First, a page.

CFS: a herpesvirus infection of the vagus nerve?

CFS: a herpesvirus infection of the vagus nerve?

Michael VanElzakker, a researcher affiliated with the Tufts University PTSD neuroimaging laboratory as well as the Massachusetts General Hospital Psychiatric Neuroscience division, has published a novel hypothesis on the possible etiology of Chronic Fatigue Syndrome (CFS). In the paper, published in Medical Hypotheses, VanElzakker suggests that CFS may be the result of a pathological infection of the vagus nerve. Although VanElzakker proposes that any neutoropic virus or bacteria could trigger CFS, HHV-6 is at the top of his list.

Michael VanElzakker

For years, CFS researchers have been looking in plasma and blood cells for a pathogenic agent that causes the myriad of symptoms experienced by patients with the condition. However, according to VanElzakker, they may have been looking in the wrong place (plasma) and need to search instead in the tissues of the peripheral and central nervous system. During infection, the sensory vagus nerve sends a signal to the brain to initiate “sickness behavior,” an involuntary response characterized by fatigue, fever, myalgia, depression, and other symptoms that are often observed in patients with CFS. However, VanElzakker proposes that when sensory vagal ganglia or paraganglia are themselves infected with any virus or bacteria, these symptoms would be exaggerated. He notes that many of the symptoms of sickness behavior (such as fatigue, sleep changes, myalgia, cognitive impairment, depression and zinc depletion) are also mediated by proinflammatory cytokines and observed in CFS.

Herpesviruses and certain intracellular bacteria establish latency in the vagus nerve and reactivate during periods of stress or illness, causing the release of proinflammatory cytokines. HHV-6 is a highly neurotropic virus and potent inducer of cytokines such as IL-6 and NFkB, which many groups have proposed as an etiological theory for the role of HHV-6 in neurological conditions such as seizures and epilepsy. If this low-level “chronic” infection is localized to the vagus nerve it would be undetectable in the plasma, but could be demonstrated through analyzing tissue biopsies of the vagus nerve, VanElzakker suggests. HHV-6 is well-known for invading the hippocampus and other parts of the limbic system, and also establishes residence in the human sensory ganglia along with other neurotropic herpesviruses including HSV-1 and VZV (Hufner 2007).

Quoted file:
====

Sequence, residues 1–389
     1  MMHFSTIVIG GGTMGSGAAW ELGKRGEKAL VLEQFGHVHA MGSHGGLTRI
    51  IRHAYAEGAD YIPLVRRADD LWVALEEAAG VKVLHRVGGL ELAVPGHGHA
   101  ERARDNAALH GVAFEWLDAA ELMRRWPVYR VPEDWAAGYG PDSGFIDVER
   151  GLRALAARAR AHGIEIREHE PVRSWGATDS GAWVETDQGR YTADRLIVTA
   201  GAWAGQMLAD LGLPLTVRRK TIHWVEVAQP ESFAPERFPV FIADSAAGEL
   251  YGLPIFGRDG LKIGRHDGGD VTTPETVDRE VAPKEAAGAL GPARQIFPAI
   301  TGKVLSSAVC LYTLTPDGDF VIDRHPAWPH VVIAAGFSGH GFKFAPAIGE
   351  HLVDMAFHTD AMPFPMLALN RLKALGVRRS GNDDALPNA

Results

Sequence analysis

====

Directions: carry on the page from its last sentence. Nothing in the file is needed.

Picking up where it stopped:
To test his hypothesis, VanElzakker suggests that vagus nerve biopsy samples should be sought from CFS patients who have died prematurely from other causes. In addition, he also suggests that radiolabeled antibodies may be effectively designed and used to detect these CNS-localized infections. Radiolabeled antibodies are currently employed in fields such as tumor imaging, where they assist in locating clusters of specific virus in vivo.

Potential therapeutic options, he says, include virus-specific antiviral treatments, glial cell inhibitors such as lbudilast (used for asthma and stroke in Japan) and vagus nerve stimulation. Vagus nerve stimulation is currently used for refractory epilepsy, a condition that has been associated with HHV-6B reactivation.

VanElzakker points out that one potential problem with antivirals are that these drugs are not effective within immunoprivileged sites such as the vagal paraganglia. Also, any antiviral therapy would need to be broad spectrum since diagnosis of the specific pathogen(s) is challenging. An antiviral such as valacyclovir (Valtrex), for example, works well against HSV-1 but has limited if any effect on CMV or HHV-6. Two infectious disease specialists, Jose Montoya and Martin Lerner, have published previous studies suggesting that valganciclovir therapy may be effective for the subset of CFS patients suspected of having smoldering or low-level infections of HHV-6, EBV and CMV. Both Montoya and Lerner have shown that longer treatment terms (>6 months) have achieved greater success than short-term antiviral therapy (See HHV-6 & CFS). Ampligen, a drug that has undergone clinical assessment for use among CFS patients, also has antiviral properties. Of interest, lbudilast is a phoshpodiesterase inhibitor and several drugs in this pharmaceutical class have been shown to inhibit CMV replication.

While much is still unknown about the infectious etiology of ME/CFS, VanElzakker’s “vagus nerve hypothesis” offers a testable theory for researchers, animal models and specific diagnostic and treatment strategies moving forward.

For more information, read the full paper and visit the Foundation’s webpage on HHV-6 & CFS.